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September 20, 2018

Fulton Aldermen Enact New Budget Amidst Discussion of Police and Fire Overtime Costs


Fulton City Aldermen Tuesday approved a budget for 2010 that raises spending about $100,000 but contains no tax increase.

“When you consider that over the past six years, our city has suffered the loss of the Nestle Company, the Fulton Cogeneration Company and the A. L. Lee Memorial Hospital most recently, I feel we are fortunate to have been able to keep taxes as stable as they have been,” Mayor Ron Woodward said in a brief address at the start of the public hearing on the budget.

The budget totals $15.4 million dollars.  The tax levy will remain at $16.40 per $1,000 of assessed value.  There are separate budgets for the water, sewer and garbage functions, which total $4.7 million, but those budgets are fully funded by fees paid by city residents for water and sewer use and garbage and refuse removal.

The city had to absorb a $410,000 increase in its share of worker retirement costs and $78,000 in mandated costs for equipment for the fire department.  The retirement fund contribution will go up another $410,000 for the 2011 budget.  It saved money by combining some jobs, most notably the jobs of City Clerk and City Chamberlain, which Woodward said saved the city $70,000 even after giving an extra $5,000 to Jim Laboda for taking on the Clerk’s job.

The city intends to bring in more money in 2010 because it canceled three payment in lieu of taxes agreements and put those properties back on the tax rolls. One of the three agreements was for the River Glen Mall, which paid the city neither property taxes nor a payment in lieu of taxes as part of the agreement that annexed the shopping center property into the city so it could collect sales taxes from those businesses.

The budget also contains a raise for the Mayor, to $28,250 for the part-time job, which was one of the concerns of one of the speakers at the public hearing.  Frank Castiglia said that the raises for Woodward and Laboda may be justified, but “we can’t afford to give raises if we’re behind the 8 ball.”  He urged the city to ask its unions to give back the raises in their contracts, but only if raises for non-union employees are canceled as well.

He also said the city needed to get a handle on its overtime costs.  Overtime for the police department is budgeted at $371,000 for 2010 and for the fire department at $330,000.  Those two departments spend more than $1,900 per day for overtime.  Woodward said much of the fire department’s overtime is mandated by its contract, which provides mandatory minimum numbers of firefighters on duty at all times.  He added that since firefighters work round-the-clock shifts, one sick day equals 24 hours of overtime to bring in a replacement.  Long-term injuries and longtime employees with many vacation and comp days also add to the overtime cost.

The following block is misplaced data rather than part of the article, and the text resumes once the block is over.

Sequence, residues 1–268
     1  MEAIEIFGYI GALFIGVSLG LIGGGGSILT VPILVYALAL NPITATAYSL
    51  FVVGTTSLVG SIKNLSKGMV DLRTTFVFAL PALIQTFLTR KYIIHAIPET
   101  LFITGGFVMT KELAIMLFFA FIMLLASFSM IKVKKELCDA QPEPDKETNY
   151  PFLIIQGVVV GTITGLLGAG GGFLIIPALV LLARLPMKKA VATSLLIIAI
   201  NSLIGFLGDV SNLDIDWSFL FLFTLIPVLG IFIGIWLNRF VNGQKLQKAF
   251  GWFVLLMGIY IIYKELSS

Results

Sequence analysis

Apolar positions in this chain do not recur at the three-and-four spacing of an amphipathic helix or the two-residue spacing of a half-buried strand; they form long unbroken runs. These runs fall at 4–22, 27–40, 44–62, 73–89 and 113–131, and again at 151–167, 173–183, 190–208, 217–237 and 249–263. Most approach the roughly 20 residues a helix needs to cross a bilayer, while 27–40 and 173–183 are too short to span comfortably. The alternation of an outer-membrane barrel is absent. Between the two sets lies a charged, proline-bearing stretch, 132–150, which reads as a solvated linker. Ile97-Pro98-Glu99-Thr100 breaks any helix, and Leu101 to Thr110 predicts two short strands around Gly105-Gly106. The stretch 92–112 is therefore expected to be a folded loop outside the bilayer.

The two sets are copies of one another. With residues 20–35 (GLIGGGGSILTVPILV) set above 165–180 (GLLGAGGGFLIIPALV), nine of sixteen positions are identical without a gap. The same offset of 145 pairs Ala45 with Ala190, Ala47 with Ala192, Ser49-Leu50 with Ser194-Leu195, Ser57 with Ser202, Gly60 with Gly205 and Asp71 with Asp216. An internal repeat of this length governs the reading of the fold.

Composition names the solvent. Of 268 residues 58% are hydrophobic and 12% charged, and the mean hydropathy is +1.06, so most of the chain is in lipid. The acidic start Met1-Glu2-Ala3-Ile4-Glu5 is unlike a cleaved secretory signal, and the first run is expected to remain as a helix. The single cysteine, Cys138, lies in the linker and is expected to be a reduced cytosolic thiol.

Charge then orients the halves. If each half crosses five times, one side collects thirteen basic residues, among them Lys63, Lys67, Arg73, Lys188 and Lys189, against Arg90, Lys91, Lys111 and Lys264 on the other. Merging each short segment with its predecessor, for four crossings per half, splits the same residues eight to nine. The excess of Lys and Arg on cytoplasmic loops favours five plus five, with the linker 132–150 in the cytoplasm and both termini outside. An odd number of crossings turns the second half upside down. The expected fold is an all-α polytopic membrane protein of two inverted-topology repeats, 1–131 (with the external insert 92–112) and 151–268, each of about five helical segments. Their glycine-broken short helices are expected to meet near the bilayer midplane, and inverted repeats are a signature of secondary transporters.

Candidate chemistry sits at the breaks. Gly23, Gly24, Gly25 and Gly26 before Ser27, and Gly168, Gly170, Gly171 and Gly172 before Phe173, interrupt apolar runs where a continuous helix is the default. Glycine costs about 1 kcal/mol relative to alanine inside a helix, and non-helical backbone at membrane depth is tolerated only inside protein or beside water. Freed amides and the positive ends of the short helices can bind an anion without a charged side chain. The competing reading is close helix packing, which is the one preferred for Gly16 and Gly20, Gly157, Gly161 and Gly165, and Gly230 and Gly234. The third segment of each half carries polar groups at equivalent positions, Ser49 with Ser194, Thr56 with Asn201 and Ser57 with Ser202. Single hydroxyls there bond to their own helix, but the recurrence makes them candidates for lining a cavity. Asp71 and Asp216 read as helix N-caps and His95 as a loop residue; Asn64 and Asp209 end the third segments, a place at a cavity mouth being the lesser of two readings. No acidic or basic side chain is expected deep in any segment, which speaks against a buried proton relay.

“Go ahead and pass it,” Castiglia said of the budget.  “Put another nail in the coffin.  Or you can send it back to the Mayor” for more cuts.

Tim Farrell, a local businessman who has organized a citizens’ committee to study local government, agreed with Castiglia on the costs of police and fire overtime.  “There must be something we can do,” he said.

Catherine Mosier of the Fulton Public Library board urged Aldermen to restore a cut to its appropriation, warning that the library will have to cut back from 69 hours of operation per week to 54 and will have to eliminate a staff member.  She noted that their longest-tenured employees have been there for 20 and 18 years and are working for $11 and $9 per hour, respectively.  At the same time, library use is increasing because of the recession.

“We don’t want to cut down on what we’re offering the public,” she said.  “We are serving people who may not be able to buy the books, buy the DVDs or have the computer at home.”

As the hearing ended and Aldermen voted unanimously to enact the budget, Alderman Bob Weston, in his final regular meeting of a 16 year career on the Common Council, commended Woodward for the effort to save money.  “Let’s face it,” Weston said. “In the last 6 years, we’ve had one tax increase.”

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